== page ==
A10-month-old boy born at 32 weeks’ gestation required ventilatory support for 1 week after birth. He was discharged from the hospital 2.5 weeks later, and subsequently was admitted multiple times for reactive airway disease. Physical examination revealed a heart rate of 120 per minute, a respiratory rate of 50 per minute, good peripheral pulses, and a soft grade ii/vi, short systolic murmur at the apex. The liver was palpable 2.5 cm below the right costal margin and the lungs were clear. An ECG revealed right axis deviation with an axis of +135°, right atrial enlargement, and right ventricular hypertrophy. Fig 1A⇓ and 1B⇓ are the echocardiographic images of this patient at the time, which revealed cor triatriatum. This is a condition in which a fibromuscular diaphragm divides the left atrium into a proximal venous chamber and a distal true left atrial chamber, resulting in pulmonary venous hypertension. An atrial septal defect is commonly associated with this condition but was not present in our patient. This child underwent open heart surgery under cardiopulmonary bypass and the membrane was successfully excised. The patient tolerated the operation well and was discharged home on the fourth postoperative day. The postoperative echocardiographic images are shown in Fig 2A⇓ and 2B⇓.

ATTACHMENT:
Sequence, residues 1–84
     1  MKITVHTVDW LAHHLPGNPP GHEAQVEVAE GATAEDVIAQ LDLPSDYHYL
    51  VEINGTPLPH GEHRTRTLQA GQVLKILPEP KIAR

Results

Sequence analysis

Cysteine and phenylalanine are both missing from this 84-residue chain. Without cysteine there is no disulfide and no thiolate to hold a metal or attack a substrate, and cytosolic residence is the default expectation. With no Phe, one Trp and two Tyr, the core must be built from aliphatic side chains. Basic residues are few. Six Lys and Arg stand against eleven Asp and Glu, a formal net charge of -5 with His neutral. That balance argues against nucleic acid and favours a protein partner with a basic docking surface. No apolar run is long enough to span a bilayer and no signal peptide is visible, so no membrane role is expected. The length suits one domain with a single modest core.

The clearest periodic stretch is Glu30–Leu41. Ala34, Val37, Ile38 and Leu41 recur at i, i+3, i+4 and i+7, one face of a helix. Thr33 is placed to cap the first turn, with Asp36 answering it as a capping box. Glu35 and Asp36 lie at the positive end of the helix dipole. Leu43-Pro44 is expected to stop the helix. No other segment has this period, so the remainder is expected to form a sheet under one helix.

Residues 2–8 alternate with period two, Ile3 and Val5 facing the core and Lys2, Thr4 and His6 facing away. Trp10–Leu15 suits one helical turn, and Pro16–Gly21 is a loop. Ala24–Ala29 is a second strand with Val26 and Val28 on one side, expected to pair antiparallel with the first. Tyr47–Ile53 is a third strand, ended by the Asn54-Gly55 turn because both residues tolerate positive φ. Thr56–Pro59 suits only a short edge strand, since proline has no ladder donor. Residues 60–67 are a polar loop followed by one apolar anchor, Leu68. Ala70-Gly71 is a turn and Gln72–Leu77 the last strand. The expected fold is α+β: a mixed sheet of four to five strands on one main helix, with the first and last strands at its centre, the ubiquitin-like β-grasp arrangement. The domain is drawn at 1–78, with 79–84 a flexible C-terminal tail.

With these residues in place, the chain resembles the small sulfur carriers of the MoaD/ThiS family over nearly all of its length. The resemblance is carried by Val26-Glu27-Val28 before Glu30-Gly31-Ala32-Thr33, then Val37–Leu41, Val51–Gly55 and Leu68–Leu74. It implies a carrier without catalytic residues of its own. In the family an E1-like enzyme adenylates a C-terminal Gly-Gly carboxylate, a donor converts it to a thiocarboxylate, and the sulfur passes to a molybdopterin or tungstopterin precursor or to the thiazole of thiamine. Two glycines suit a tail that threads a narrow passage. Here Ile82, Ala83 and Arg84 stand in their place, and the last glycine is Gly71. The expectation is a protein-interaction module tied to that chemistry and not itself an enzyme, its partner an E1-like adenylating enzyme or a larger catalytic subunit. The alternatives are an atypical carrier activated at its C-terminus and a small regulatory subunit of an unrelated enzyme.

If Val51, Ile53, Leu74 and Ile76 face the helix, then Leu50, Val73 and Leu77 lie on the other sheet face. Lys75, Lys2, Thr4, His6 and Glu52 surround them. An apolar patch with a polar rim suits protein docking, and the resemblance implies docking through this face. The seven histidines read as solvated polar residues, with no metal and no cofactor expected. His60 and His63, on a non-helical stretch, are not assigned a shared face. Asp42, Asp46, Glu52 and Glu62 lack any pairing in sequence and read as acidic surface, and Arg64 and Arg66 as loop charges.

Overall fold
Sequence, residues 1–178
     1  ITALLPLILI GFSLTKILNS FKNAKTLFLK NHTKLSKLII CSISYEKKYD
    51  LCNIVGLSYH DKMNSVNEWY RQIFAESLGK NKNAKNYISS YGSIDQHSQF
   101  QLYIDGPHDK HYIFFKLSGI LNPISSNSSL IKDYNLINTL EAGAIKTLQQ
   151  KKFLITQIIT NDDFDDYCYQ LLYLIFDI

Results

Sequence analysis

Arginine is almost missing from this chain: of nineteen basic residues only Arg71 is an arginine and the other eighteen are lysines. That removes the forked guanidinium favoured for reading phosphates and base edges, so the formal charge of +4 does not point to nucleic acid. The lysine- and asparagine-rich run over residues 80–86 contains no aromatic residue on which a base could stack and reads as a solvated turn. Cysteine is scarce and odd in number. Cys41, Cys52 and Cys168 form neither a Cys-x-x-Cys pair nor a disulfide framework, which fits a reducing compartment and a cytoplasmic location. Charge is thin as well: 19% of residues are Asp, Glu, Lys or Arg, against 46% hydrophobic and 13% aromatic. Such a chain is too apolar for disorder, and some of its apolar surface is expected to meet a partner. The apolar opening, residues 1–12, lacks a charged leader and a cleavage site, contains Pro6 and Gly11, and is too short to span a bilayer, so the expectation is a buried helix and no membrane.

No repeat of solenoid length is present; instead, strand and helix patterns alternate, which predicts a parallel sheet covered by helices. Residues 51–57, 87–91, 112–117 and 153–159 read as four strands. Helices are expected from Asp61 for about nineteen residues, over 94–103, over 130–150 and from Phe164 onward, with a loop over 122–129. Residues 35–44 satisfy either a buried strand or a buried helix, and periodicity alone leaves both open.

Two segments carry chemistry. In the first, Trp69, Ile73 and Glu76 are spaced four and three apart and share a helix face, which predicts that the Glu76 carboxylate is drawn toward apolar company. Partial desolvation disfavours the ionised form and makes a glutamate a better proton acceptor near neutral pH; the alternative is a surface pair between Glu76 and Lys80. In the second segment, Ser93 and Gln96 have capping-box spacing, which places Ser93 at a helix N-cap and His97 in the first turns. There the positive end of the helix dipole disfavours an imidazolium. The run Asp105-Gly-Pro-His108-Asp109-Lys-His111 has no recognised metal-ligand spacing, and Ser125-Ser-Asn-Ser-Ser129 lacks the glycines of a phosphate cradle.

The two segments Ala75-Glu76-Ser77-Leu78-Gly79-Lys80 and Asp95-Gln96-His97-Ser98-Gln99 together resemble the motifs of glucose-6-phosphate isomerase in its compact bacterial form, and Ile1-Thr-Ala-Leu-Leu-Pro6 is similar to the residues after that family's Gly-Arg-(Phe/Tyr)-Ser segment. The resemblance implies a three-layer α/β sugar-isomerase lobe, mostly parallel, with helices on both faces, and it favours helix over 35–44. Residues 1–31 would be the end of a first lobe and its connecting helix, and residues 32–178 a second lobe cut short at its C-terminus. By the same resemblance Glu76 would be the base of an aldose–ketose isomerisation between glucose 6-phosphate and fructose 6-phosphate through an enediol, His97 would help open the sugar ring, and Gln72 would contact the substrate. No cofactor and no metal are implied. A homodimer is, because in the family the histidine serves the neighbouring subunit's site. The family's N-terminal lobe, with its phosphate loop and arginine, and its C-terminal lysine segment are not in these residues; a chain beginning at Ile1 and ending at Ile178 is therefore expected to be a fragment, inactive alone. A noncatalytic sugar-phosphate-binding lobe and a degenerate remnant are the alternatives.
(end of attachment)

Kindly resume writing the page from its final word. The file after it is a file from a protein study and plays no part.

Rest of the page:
The editor of Images in Cardiovascular Medicine is Hugh A. McAllister, Jr, MD, Chief, Department of Pathology, St Luke’s Hospital and Texas Heart Institute, and Clinical Professor of Pathology, University of Texas Medical School and Baylor College of Medicine.
Circulation encourages readers to submit cardiovascular images to Dr Hugh A. McAllister, Jr, St Luke’s Hospital and Texas Heart Institute, 6720 Bertner, MC 4-265, Houston, TX 77030.
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